Matthew Aslett brought some more light on the most discussed partnership in the open source arena, getting feedbacks once again from Justin Steinman, director of marketing for Linux and open platforms at Novell.
The explanation given, see below, makes sense out of the Microsoft-Novell patent agreement, but it remains unclear why apparently it was not part of the agreement.
I asked Novell to confirm whether this was correct and received an interesting response from Justin Steinman, director of marketing for Linux and open platforms at Novell, in which he confirmed the explanation and stated that it was not new, but had been overlooked the press and community.
The statement from Steinman was as follows:
“Since we announced the Novell-Microsoft agreement in November, we’ve always said that the intellectual property agreement provided a foundation for the interoperability between Windows and SUSE Linux Enterprise. This foundation falls into two primary categories: 1) the “covenant not to sue,” which provides customers with peace of mind when they deploy SUSE Linux Enterprise; and 2) the IP access necessary for the technical collaboration to deliver interoperability between Windows and Linux. For better or worse, the community and press at-large have focused on #1, although Novell has talked about both categories since we signed the agreement.
“As you know, engineers at Novell and Microsoft are hard at work on our technical collaboration, and we demonstrated the first results at BrainShare in March. But in order to deliver the interoperability between Novell eDirectory and Microsoft Active Directory, as well as the bidirectional virtualization between Windows and SUSE Linux Enterprise, Novell required sanctioned access to Microsoft’s code in order to develop open source interoperability without violating Microsoft’s intellectual property.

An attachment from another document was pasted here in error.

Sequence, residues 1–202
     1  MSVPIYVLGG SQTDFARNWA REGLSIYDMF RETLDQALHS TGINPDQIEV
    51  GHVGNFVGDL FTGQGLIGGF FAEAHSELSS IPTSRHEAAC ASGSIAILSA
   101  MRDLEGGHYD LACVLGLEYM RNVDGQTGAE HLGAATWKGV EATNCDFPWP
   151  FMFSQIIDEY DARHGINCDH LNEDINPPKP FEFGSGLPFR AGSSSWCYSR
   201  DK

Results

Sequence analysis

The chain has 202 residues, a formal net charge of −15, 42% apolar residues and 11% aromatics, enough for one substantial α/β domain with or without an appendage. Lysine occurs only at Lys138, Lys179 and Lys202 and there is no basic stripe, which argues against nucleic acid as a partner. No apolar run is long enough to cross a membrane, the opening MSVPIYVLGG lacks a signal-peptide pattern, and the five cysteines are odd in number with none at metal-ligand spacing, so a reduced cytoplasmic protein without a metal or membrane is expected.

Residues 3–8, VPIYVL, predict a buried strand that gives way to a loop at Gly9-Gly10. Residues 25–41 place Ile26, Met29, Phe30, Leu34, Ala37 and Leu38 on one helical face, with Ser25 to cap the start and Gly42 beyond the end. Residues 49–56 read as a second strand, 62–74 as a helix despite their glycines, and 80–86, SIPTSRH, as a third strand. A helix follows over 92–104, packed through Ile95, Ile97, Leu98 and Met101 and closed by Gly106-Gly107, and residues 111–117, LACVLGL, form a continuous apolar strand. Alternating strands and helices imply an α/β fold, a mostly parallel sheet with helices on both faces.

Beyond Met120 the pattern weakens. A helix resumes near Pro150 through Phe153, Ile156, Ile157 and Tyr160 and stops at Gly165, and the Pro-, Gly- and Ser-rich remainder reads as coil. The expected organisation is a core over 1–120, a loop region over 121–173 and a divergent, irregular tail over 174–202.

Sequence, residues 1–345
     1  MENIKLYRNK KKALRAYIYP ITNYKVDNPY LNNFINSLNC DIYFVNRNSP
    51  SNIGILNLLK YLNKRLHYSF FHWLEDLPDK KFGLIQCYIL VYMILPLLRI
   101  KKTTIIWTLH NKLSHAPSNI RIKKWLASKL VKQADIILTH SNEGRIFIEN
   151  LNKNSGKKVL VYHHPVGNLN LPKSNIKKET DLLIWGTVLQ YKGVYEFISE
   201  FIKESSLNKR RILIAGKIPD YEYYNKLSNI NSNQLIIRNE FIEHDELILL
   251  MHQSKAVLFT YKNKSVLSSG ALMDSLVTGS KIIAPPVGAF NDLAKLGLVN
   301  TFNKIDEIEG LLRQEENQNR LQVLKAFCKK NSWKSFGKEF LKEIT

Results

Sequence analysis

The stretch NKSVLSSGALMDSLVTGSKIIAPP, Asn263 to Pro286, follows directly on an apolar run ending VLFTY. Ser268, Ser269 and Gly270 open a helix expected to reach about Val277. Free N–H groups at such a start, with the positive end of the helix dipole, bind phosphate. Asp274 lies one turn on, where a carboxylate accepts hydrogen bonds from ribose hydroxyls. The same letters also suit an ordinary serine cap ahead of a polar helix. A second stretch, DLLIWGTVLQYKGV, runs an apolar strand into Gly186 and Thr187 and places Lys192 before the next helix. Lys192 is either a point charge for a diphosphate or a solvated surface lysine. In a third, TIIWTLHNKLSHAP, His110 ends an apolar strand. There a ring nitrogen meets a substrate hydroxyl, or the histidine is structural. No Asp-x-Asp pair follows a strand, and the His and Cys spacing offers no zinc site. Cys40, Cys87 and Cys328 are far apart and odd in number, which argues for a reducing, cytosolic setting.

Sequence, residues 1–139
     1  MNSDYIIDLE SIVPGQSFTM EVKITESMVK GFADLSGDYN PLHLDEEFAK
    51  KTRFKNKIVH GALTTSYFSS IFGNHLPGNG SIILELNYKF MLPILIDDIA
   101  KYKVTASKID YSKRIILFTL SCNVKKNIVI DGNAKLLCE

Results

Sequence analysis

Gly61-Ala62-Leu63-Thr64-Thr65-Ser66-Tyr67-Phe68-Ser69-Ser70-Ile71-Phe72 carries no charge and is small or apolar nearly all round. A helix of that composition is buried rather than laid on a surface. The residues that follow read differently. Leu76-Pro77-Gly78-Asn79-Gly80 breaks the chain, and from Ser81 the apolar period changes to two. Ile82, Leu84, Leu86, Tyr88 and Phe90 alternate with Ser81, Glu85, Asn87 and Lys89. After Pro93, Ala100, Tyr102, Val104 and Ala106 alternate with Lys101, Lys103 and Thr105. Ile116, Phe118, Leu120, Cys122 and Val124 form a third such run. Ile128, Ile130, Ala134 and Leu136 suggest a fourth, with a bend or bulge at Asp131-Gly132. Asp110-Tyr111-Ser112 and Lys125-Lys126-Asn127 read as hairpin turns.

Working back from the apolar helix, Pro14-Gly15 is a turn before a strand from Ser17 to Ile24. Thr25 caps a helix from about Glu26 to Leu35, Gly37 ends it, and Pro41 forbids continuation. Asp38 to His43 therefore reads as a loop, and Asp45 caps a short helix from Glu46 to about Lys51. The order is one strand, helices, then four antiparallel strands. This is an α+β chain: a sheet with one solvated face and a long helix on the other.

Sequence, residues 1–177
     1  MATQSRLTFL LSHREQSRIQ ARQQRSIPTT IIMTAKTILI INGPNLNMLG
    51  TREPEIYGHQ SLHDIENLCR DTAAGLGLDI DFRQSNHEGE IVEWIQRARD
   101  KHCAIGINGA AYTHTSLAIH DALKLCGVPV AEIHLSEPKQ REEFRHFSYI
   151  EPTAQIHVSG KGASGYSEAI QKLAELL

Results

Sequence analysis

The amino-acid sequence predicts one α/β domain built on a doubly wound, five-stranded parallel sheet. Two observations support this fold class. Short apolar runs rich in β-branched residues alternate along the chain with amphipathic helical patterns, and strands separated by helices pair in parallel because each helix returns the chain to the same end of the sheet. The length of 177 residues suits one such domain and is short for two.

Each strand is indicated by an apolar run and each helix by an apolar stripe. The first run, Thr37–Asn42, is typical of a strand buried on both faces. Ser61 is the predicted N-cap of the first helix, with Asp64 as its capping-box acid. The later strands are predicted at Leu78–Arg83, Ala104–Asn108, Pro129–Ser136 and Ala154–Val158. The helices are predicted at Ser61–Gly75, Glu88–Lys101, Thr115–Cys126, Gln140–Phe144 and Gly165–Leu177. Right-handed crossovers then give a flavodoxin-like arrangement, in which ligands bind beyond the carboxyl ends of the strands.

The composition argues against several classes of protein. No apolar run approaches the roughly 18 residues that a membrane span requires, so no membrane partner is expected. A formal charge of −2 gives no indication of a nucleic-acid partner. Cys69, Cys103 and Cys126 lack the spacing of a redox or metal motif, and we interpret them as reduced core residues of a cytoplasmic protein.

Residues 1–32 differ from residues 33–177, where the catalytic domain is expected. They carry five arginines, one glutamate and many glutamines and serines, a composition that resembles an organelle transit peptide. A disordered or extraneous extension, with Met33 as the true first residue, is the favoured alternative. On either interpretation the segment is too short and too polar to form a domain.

“The Novell-Microsoft agreement is about bridging the worlds of open source and proprietary software, and in order to build this bridge, we’ve had to do several unique things, including signing an intellectual property agreement that would let Novell’s engineers get a look at some of Microsoft’s proprietary code. We’ve also done several other unique things like having Microsoft representatives sell certificates for SUSE Linux Enterprise Server subscriptions to their customers. I’d submit that all of these things are good for the adoption and growth of Linux.”
I have looked at the original announcement, Novell’s FAQ, Microsoft’s FAQ, Novell’s further details announcement, and its open letter to the community and can find no reference to Novell engineers getting access to Microsoft IP as part of the patent cooperation agreement, but I could be missing something.